Darlene actually wanted the business to be more about Ernie’s jewelry than about promoting a other artists’ work, but Ernie wouldn’t have it.
“I wanted to name it after him,” she says, “but he wouldn’t let me. He said, ‘no, it’s not about me, it’s about the art and the artists here.’ And now I wouldn’t have it any other way.”
It’s true. Ernie’s jewelry takes up a very small section of the store. As you walk in the door, you are immediately overwhelmed – in the best sense of the word – by the colour and energy of the paintings, prints, carvings and textiles on the walls.
But despite Ernie’s wish that the store not be “all about him,” his jewelry is what keeps it going.
He took to jewelry making immediately. When he entered the program at North Island College, he knew how to work with his hands, but he didn’t know anything about making jewelry.
“I guess maybe I had the basic skills in terms of attention to detail and the dexterity required,” he says, “but I didn’t expect to be so good at it. I was the top of my class, and apparently did so well, they wanted me to teach it,” he says with another laugh.
It’s true. Ernie is currently the instructor of the NIC program that he graduated from just over a year ago.
Although all of Ernie’s jewelry is of the “one-of-a-kind” variety (he doesn’t do mass-production), he also does a lot of custom order work.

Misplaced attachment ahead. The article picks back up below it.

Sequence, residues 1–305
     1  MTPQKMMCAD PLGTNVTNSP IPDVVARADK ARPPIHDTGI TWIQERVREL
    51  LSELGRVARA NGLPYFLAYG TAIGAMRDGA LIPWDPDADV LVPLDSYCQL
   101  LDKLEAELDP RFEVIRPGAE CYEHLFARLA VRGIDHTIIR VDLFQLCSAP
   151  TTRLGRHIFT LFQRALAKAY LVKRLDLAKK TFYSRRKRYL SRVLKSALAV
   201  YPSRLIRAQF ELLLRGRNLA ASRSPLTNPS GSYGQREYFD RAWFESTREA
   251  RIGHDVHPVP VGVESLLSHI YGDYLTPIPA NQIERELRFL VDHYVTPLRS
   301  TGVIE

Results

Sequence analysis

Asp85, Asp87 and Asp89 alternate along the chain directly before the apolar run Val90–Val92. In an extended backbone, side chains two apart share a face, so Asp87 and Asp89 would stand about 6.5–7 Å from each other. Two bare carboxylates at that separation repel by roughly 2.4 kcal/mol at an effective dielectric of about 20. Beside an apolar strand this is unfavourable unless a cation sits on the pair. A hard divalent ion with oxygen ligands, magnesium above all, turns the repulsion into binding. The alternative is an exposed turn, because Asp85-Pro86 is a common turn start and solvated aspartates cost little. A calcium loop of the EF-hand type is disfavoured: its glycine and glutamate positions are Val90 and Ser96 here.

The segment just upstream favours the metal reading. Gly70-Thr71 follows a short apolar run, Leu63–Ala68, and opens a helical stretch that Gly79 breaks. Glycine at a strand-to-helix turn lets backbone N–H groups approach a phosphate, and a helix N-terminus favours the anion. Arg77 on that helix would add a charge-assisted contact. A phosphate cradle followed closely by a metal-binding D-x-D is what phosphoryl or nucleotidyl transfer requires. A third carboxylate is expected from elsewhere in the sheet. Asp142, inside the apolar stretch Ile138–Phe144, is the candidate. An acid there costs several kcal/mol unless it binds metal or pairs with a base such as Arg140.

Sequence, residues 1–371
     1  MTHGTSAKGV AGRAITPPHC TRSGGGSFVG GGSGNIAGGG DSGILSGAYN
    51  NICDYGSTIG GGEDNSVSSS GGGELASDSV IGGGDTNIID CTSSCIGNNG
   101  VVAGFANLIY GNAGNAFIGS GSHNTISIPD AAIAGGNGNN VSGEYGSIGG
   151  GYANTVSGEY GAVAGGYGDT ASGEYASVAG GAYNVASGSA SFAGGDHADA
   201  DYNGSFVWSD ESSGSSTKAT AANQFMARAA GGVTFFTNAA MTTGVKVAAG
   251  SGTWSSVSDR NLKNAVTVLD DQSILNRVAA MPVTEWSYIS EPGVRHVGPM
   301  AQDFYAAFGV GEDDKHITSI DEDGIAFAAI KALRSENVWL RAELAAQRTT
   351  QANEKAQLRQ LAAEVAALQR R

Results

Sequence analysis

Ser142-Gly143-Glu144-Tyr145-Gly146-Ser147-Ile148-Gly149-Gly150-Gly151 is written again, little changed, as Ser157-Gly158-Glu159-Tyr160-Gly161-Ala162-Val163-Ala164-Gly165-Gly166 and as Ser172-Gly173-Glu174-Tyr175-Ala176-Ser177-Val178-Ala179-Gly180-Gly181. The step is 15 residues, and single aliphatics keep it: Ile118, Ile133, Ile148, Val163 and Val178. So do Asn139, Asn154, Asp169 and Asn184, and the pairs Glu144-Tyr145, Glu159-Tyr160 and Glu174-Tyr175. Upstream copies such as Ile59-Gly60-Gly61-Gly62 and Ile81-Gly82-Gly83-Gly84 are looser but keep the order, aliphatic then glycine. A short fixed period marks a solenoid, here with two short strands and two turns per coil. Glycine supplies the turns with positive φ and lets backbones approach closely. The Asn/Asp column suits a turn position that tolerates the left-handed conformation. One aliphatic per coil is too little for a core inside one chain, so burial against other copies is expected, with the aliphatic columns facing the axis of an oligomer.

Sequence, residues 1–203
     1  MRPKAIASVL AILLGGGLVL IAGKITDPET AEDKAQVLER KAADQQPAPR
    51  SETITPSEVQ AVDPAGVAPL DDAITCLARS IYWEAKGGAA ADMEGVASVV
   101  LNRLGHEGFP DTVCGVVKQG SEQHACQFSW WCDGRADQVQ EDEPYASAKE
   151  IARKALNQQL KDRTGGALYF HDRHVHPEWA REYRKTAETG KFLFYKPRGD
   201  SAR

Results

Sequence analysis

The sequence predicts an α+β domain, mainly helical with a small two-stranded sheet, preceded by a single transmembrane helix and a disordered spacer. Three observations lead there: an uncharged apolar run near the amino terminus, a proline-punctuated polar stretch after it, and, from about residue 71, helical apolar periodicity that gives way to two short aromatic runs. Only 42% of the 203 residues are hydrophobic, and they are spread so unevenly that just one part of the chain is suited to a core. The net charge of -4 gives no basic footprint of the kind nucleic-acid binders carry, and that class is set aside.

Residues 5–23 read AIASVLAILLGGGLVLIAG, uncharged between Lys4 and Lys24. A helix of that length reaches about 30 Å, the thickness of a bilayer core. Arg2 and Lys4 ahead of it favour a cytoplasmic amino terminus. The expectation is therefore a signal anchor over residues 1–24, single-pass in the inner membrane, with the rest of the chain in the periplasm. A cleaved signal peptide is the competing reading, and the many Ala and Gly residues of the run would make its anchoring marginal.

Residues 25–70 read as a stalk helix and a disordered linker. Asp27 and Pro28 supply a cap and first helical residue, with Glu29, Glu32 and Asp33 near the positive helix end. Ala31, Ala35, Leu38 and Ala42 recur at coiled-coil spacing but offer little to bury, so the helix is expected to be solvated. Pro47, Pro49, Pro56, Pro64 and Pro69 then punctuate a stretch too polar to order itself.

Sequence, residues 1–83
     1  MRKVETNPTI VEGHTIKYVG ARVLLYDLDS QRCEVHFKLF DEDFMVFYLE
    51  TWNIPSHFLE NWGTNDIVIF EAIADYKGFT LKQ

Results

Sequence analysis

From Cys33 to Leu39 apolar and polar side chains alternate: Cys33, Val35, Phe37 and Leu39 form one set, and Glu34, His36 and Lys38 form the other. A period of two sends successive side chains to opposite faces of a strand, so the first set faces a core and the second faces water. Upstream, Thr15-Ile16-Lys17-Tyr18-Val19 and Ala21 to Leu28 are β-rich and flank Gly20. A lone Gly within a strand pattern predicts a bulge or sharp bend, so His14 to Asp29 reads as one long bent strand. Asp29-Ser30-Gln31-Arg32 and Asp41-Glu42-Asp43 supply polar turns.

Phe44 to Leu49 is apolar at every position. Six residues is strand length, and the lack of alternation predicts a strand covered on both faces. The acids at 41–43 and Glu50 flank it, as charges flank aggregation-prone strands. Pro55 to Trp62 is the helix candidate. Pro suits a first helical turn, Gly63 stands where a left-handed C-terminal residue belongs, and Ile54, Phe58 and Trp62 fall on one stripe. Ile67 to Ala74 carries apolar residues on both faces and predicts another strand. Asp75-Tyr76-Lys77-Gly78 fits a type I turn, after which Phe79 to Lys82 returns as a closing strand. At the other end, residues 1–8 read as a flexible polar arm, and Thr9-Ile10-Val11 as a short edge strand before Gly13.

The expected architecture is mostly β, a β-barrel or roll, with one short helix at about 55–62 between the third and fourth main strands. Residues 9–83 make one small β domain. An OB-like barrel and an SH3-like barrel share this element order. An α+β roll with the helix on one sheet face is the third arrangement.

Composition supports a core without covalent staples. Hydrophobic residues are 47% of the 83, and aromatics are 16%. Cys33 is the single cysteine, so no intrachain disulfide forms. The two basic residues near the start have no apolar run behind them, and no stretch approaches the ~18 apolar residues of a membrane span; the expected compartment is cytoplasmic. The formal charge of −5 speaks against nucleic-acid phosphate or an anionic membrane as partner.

“I get people all the time that see my work online or on Facebook and like it, so they say stuff like, ‘can you make one for me like that, but a bit more like that, or with an eagle instead of an orca, that kind of thing,” he says. “And I’m happy to do that for them.”
One of his favourite ways to create custom work for people, however, is to make something old new again.
“I’ve had a few people send me something sentimental that was passed to them from their mother or sister who passed away and I’ve taken the stone and made it into something new using the metal from that ring, and that’s a really special feeling.”
But they are always looking for more artists to showcase – although you wouldn’t guess it by the lack of empty space in the gallery.
“I don’t think we’ve ever turned anyone away,” Darlene says.
After all, Ernie says, they got into this to support the artists of the region, and that’s exactly what they want to continue to do.
“Our business is really based on respect,” he says simply. “We respect all the artists and all the work they put into their pieces. Because I’m an artist myself, I know how tough it is to put yourself out there and struggle trying to sell something.”
In fact, most of the time they aren’t selling the art on their walls on consignment – where they would pay the artist when the work sells – but rather by actually purchasing the art from the artist and then displaying it in the gallery and selling it at a small mark-up when there is interest.
“We think that’s the best way to support the artists – by just buying their art from them for the amount they want to get for it,” Ernie says.